A group of third year RGU Fashion Management students has produced and curated an exciting digital fashion show called Fashion: Undefined. The students were responsible for creating the content and co-ordinating every aspect of production: from choosing the clothes and models, to spending three weeks in the editing suite, painstakingly fine-tuning the video frame by frame and matching the images to the soundtrack music.

The professional quality show is in three parts, each outlining the part fashion plays in culture, creativity and business, as it reworks and rampages through history, music and art appropriating and constantly remaking ideas in fabric form. The contrast between this wild creative and cultural side of fashion, and the toned down relationship that the constraints of business bring to the clothes we wear every day, is one of the film’s most interesting and strongest visual themes.

Fashion: Undefined draws on disparate influences, from Bowie’s Aladdin Sane through to romanticised tulle ballgowns, with a nod to Alexander McQueen’s spray painted dress, the Hindi Holi colour festival, street culture, ladies who lunch, impressionist art and the ubiquitous Breton top to create a coherent and compelling showcase.

Nichola Strachan, lecturer in Fashion Management, was impressed by the students’ dedication, creativity and sheer hard work saying, ‘We have an excellent group of committed and creative students embracing the project this year, and tackling the learning curve of filming, directing, and editing using industry standard software. The theme is also a challenge with different perspectives of fashion to be considered and communicated through the film’.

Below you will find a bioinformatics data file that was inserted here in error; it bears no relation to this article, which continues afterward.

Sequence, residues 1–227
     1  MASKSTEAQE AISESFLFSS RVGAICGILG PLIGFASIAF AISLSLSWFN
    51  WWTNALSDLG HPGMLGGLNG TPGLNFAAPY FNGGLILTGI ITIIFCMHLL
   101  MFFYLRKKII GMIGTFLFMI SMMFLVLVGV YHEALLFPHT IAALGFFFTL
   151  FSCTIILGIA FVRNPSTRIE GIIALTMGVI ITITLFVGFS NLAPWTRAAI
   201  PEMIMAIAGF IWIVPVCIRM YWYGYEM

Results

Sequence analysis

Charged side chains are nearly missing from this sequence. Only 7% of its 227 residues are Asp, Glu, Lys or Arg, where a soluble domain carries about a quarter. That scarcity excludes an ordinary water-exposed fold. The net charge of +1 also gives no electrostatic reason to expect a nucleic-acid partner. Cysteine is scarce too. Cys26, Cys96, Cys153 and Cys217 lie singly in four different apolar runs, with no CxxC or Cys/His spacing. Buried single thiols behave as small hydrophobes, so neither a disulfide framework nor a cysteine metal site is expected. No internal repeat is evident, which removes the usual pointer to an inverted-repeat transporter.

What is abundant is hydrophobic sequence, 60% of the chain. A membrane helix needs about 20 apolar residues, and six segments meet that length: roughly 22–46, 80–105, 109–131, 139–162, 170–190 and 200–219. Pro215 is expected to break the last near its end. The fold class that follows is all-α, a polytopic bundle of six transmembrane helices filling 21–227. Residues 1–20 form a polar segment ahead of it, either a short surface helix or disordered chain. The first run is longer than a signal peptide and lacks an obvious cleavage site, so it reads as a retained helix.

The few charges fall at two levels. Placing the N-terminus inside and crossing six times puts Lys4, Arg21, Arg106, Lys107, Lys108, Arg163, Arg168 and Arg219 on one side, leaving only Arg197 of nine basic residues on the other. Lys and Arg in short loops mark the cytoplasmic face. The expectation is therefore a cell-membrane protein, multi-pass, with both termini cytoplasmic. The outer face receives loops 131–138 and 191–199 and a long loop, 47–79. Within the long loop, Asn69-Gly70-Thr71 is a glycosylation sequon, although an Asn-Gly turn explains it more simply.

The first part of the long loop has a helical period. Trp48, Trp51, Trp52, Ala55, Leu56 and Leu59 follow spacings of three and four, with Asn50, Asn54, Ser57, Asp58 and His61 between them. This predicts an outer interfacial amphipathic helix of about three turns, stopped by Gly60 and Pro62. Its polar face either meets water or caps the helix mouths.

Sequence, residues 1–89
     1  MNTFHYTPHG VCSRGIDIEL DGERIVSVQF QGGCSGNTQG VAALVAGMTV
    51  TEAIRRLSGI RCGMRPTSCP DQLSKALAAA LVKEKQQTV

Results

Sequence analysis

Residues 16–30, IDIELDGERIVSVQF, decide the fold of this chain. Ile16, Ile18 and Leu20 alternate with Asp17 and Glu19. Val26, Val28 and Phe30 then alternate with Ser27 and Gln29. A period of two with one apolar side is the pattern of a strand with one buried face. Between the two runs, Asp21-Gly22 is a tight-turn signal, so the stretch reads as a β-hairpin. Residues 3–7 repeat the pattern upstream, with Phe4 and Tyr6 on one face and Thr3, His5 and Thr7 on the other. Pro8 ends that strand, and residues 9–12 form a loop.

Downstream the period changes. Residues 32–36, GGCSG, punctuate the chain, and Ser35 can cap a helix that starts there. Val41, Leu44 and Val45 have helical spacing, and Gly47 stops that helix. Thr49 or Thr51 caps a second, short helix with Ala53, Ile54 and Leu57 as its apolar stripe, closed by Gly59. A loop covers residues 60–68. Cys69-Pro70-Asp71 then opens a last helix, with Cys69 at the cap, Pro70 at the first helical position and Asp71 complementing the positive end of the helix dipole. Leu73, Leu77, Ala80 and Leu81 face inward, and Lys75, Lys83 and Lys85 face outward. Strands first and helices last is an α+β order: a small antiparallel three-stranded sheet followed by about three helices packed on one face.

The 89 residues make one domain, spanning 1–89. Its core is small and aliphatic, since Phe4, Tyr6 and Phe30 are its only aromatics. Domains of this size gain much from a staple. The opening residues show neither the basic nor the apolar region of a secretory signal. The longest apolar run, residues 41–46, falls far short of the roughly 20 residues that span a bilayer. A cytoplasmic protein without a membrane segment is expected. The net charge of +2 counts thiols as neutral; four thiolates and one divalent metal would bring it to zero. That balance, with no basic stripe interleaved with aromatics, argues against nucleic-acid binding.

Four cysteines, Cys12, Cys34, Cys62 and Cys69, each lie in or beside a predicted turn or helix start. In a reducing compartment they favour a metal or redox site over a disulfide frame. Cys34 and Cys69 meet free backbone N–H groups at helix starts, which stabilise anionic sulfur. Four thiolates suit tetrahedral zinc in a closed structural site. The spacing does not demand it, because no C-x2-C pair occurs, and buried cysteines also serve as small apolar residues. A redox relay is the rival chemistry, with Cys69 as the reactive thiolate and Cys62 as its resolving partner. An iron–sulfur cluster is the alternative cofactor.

Student Ciara Boyle added, ‘Our aim was to encompass vibrancy, fluidity, detail and the art of telling a story, into one digital fashion show. The project, and the way it is led by students and guided by lecturers, shows how Fashion Management at RGU is continuously keeping up to date with the evolving fashion industry, and is the perfect way to prepare us students with the vital digital skills which are increasingly important to this area of business.’

For a short film, it’s a remarkable piece of work, especially given that most of the students had no prior experience in video production or managing a project of this complexity. The course provides students with real-world transferrable digital, creative and business skills including teamwork, organisation and project management, so it’s not too surprising that several of those involved have been offered summer work in the digital field.

The students also produced an endearingly frivolous Making of Fashion: Undefined behind the scenes documentary, which shows just how much hard work went into the making of the main project and how enjoyable the process was. You can see the film for yourself at below.

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